A watershed is an area of land that drains to a river, lake or stream. It includes all the land, air, plants and animals within its borders. Land forms such as hills or heights of land largely determine the boundaries of watersheds and direct the speed and path of its rivers.
Structure of a Watershed
Each watershed has a unique mixture of land and water habitats: from wetlands, rivers and lakes to forests, grasslands, farms, towns and cities.
All living things depend upon the continuous cycling of water and nutrients through ecosystems. The effects of forestry, agriculture, industry and urbanization are all recorded in the water as it flows along its path. For better or worse, each tributary stream, wetland or spring which joins together reflects the health of the region in which it is found.
Watersheds fulfill three primary functions: to capture water, to filter and store water in the soil and to release water into a waterbody. Within the complex living system of a watershed, everything is connected.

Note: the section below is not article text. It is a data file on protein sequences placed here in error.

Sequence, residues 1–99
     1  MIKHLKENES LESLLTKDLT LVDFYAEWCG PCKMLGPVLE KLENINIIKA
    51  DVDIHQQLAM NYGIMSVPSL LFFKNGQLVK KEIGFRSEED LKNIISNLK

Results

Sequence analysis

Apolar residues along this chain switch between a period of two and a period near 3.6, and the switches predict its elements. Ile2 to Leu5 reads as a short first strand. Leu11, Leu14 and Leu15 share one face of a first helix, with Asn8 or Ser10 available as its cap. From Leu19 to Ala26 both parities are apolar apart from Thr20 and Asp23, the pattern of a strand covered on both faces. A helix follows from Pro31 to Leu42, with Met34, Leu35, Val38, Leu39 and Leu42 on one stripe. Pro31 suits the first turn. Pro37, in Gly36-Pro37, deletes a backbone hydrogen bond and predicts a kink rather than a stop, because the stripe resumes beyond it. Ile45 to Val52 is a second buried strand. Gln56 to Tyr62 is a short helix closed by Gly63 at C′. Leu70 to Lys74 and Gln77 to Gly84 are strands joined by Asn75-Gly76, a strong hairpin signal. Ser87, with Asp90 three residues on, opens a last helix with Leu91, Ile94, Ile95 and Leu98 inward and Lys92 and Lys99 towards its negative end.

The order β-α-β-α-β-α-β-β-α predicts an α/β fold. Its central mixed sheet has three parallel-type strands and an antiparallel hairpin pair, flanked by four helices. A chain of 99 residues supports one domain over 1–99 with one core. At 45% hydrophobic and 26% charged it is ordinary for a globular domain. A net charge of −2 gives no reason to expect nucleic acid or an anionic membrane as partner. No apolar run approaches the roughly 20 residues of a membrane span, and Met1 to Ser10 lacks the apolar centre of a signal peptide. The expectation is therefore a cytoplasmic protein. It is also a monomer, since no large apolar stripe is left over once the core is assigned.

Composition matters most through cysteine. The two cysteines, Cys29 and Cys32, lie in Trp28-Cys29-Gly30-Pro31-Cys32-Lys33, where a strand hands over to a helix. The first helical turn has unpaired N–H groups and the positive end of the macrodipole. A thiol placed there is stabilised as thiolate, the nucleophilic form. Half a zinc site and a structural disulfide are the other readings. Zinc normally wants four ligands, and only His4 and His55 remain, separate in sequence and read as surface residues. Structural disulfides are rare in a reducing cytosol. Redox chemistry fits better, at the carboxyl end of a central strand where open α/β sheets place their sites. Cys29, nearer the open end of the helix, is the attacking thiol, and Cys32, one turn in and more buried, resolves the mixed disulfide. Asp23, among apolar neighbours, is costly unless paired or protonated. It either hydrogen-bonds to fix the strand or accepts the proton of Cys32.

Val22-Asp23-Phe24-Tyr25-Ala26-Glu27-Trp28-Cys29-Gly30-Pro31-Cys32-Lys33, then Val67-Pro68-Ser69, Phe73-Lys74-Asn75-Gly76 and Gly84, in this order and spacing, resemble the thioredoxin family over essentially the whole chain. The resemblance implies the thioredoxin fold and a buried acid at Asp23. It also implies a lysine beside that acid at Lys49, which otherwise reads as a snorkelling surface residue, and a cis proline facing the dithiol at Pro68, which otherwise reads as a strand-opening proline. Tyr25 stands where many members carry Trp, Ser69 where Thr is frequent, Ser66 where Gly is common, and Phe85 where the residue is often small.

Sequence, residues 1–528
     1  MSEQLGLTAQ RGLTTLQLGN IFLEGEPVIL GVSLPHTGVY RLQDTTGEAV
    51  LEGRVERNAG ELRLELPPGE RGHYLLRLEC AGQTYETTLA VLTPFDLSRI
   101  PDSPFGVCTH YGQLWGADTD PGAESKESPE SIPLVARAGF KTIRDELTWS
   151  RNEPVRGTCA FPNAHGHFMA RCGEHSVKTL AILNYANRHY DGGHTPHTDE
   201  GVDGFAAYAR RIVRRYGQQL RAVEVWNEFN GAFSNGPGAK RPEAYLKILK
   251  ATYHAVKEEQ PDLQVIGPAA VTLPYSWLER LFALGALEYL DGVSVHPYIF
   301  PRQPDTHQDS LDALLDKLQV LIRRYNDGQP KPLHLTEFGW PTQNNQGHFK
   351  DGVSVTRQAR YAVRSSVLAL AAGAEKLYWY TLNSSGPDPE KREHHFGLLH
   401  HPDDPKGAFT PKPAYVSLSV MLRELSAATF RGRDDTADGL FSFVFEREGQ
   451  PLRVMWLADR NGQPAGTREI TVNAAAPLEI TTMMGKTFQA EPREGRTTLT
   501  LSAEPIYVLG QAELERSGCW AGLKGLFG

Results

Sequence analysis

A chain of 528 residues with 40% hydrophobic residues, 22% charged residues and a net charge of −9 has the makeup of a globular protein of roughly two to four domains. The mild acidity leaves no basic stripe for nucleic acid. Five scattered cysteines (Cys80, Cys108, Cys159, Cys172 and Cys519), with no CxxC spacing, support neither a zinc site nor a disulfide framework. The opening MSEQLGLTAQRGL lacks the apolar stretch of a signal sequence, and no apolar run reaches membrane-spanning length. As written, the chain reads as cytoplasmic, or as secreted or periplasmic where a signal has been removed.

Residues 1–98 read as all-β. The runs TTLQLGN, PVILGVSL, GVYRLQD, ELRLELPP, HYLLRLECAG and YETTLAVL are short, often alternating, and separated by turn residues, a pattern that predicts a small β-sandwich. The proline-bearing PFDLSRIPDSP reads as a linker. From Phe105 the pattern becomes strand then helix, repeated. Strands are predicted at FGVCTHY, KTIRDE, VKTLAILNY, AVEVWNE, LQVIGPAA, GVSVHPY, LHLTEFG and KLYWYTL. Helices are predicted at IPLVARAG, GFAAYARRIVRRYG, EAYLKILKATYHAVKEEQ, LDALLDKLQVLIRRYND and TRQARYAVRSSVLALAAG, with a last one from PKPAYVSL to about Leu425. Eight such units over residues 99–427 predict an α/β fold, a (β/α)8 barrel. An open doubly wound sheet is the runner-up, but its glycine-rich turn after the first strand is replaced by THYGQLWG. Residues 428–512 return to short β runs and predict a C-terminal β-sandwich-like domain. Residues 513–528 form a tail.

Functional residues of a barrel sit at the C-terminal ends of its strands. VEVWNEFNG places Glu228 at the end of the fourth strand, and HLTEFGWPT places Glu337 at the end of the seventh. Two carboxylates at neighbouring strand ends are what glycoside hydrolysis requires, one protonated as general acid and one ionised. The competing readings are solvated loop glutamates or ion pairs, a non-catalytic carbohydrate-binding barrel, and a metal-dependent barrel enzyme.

Thinking of a watershed as a giant sponge helps explain the connections between all parts of a watershed and how a river like the Muskoka River can always be flowing. As precipitation falls, it is stored in the watershed’s land and waterbodies (the giant sponge) and slowly released through shallow water discharge into the river.
The term Muskoka watershed refers to all watersheds lying totally or partially within The District Municipality of Muskoka and includes areas in Algonquin Park, the Township of Seguin and the Township of Algonquin Highlands.
All water in Muskoka’s watersheds eventually flow into Georgian Bay.